Visibly different, part 52

I had plans for a particular offering for this ‘last’ post in the topic, but it’s been taking longer than I have time for, and so we have this instead, though the original choice will appear later on – it’s in progress and one of those things that you shouldn’t rush.

So our opening image is from July 2012:

adult Chinese mantis Tenodera sinensis
This is a Chinese mantis (Tendoera sinensis) of course, and taken right out in front of where we used to live. There’s nothing terribly compelling about this image, or at least not now, because it came early on in my extended pursuit of the species – it shows how the eyes darken at night, and gives a hint of the facets of the compound eyes which I would later capture in much better detail. The reason that I selected this image is because it came a few months earlier than the next:

orchid mantis Hymenopus coronatus in Museum of Life & Science, Durham NC
In fact, this was taken exactly ten years ago today, part of the reason I chose it. This is an orchid mantis (Hymenopus coronatus,) and not at all native, hailing from southeast Asia instead, though my travel to get this image was considerably less than implied, since it was on display at the Museum of Life & Science in Durham – the only time, in fact, that I’ve seen them out on display. And yes, I did the best I could to provide similar poses among the self-imposed constraints of this post, because I do things like that – don’t ask why, and you won’t embarrass either of us.

Mantids of any kind are cool of course, but some varieties around the world are particularly stunning in terms of their camouflage and appearance, and I did what I could with the terrariums of the museum, but wanted to get a lot more images. This may take place some day: orchid mantises are available for sale, though not cheaply, and of course would almost certainly have to be shipped. The egg case would be the best manner of shipping, except that they’re not native so no one needs a few hundred of them to house and feed while preventing escapes, even if it is only for the season (March through October, generally – mantids are only summer insects.) Not to mention that, if they’re charging nearly $50 for an individual, no one’s going to sell an entire egg case.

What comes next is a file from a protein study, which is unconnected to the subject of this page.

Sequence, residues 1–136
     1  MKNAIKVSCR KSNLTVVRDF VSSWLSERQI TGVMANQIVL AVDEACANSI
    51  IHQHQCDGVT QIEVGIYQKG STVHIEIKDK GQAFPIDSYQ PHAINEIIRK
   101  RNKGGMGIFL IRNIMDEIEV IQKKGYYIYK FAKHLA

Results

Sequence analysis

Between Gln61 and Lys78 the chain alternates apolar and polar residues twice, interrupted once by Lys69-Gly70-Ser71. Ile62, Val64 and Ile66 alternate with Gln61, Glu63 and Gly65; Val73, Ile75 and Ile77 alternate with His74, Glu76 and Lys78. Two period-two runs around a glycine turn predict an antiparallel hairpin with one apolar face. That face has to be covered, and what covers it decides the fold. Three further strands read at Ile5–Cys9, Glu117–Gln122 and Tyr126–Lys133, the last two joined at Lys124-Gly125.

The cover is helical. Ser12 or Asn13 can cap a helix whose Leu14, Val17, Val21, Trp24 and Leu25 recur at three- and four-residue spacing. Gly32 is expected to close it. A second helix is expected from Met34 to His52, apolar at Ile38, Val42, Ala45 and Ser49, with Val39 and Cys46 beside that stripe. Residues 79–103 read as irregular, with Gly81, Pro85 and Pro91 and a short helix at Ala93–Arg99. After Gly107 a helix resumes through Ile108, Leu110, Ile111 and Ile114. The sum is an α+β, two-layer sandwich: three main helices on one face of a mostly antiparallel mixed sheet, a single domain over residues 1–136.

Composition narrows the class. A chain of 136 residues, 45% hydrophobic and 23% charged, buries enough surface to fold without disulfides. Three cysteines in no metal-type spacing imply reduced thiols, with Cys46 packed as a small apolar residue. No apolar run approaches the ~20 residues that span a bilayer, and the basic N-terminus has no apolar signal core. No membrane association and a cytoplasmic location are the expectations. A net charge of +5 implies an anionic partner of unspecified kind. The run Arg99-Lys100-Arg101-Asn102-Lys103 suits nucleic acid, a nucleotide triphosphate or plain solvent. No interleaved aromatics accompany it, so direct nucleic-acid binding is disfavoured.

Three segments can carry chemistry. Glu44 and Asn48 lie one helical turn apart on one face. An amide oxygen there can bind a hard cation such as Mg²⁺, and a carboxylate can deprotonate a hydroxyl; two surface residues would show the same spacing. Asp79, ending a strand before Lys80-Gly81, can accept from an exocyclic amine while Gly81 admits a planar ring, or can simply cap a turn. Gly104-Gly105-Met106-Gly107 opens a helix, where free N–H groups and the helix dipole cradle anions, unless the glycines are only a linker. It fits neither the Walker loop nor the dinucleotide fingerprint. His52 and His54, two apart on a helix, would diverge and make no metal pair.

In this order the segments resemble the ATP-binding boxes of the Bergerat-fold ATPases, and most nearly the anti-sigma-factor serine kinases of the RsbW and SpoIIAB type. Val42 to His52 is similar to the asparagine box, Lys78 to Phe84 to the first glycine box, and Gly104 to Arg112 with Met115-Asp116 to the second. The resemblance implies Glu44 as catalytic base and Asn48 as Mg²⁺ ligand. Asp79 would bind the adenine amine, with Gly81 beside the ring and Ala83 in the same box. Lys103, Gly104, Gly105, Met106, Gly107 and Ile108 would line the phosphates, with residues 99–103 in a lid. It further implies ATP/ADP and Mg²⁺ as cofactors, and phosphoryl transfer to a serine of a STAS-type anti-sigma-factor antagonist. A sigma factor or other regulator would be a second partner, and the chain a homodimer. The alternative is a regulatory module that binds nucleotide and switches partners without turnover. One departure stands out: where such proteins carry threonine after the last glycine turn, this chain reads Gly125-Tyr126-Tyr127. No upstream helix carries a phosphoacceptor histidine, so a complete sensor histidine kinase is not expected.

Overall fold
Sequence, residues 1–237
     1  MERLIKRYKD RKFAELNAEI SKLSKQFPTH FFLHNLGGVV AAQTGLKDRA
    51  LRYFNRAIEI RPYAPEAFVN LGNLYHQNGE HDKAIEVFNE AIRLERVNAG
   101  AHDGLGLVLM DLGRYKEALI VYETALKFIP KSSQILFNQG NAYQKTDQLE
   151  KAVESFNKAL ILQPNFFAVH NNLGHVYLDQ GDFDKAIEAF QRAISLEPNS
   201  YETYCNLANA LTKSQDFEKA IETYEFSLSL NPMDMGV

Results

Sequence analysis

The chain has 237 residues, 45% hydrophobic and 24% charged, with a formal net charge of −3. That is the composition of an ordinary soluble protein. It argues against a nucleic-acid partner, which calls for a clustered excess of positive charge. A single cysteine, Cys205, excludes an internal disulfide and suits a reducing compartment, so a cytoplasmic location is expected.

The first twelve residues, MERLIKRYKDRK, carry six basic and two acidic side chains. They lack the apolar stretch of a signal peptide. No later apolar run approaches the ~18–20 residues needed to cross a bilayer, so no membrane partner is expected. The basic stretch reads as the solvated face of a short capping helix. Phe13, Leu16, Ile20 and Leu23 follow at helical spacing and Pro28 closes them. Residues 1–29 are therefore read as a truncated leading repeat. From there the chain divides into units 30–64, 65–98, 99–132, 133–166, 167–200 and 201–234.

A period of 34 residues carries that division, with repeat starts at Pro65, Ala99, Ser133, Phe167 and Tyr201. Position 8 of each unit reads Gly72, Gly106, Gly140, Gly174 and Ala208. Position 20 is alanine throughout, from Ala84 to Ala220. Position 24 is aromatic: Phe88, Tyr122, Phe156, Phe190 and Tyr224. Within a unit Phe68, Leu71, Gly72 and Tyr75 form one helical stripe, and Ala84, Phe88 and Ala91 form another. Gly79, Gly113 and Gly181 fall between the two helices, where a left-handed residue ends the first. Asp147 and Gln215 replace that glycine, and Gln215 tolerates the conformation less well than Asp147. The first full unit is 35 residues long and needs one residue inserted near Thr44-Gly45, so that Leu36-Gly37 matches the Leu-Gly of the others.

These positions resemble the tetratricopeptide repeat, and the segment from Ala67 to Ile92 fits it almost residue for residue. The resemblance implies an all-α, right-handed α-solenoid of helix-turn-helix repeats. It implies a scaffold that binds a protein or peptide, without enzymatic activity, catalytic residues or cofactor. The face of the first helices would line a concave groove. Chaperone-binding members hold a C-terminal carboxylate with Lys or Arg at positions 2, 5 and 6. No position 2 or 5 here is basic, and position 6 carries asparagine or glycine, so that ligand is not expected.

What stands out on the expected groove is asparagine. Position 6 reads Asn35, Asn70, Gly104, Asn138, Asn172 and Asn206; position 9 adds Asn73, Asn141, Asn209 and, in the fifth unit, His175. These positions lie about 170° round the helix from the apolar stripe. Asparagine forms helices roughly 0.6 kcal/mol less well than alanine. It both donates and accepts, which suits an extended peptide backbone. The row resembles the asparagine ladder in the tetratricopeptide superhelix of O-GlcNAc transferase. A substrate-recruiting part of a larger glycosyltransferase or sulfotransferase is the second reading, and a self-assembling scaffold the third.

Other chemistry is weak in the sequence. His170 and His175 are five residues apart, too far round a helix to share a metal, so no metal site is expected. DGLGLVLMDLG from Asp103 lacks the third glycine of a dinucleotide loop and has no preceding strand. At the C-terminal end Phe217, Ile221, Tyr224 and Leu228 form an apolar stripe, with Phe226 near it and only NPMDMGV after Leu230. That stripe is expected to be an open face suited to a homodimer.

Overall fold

However, my brother did bring me down two egg cases from New York, and I suspect these are European mantids which I’ve never seen around here, so perhaps in the spring I may have some slightly different species to tackle.

But back to the topic. Visible differences? Well, color and head shape, obviously, and I unfortunately could not get a decent full-body shot of the orchid mantis for better comparisons. One visible difference is actually incorrect: the top one was shot at night, the bottom one at midday, but the macro flash was enough to illuminate the close background of the Chinese mantis and disguise the darkness, while it was inadequate to get any background for the orchid mantis, which is fine because it would have been the exterior of the terrarium in the museum. Do the orchid mantis eyes go dark at night as well? I have no reason to believe otherwise, but no proof either – the security at the museum is too good. The mantids were pretty comparable in size, but their antennae are significantly different, don’t ask me why.

So, another of this topic will slide in eventually, but perhaps not before we begin a new yearly topic. What will that be? Ah, you just have to wait (mostly because I don’t actually know yet myself.)

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